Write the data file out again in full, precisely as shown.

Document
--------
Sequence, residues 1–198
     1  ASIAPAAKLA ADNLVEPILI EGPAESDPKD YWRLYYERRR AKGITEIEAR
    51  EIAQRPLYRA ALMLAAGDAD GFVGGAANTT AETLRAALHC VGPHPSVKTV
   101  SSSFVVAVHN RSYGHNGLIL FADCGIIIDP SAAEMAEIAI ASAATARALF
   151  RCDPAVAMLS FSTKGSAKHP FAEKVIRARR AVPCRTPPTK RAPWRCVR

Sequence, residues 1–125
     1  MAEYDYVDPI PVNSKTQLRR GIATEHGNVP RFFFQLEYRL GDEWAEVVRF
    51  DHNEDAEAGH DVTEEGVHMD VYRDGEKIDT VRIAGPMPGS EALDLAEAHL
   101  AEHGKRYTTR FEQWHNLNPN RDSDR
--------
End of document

Sequence, residues 1–198
     1  ASIAPAAKLA ADNLVEPILI EGPAESDPKD YWRLYYERRR AKGITEIEAR
    51  EIAQRPLYRA ALMLAAGDAD GFVGGAANTT AETLRAALHC VGPHPSVKTV
   101  SSSFVVAVHN RSYGHNGLIL FADCGIIIDP SAAEMAEIAI ASAATARALF
   151  RCDPAVAMLS FSTKGSAKHP FAEKVIRARR AVPCRTPPTK RAPWRCVR

Sequence, residues 1–125
     1  MAEYDYVDPI PVNSKTQLRR GIATEHGNVP RFFFQLEYRL GDEWAEVVRF
    51  DHNEDAEAGH DVTEEGVHMD VYRDGEKIDT VRIAGPMPGS EALDLAEAHL
   101  AEHGKRYTTR FEQWHNLNPN RDSDR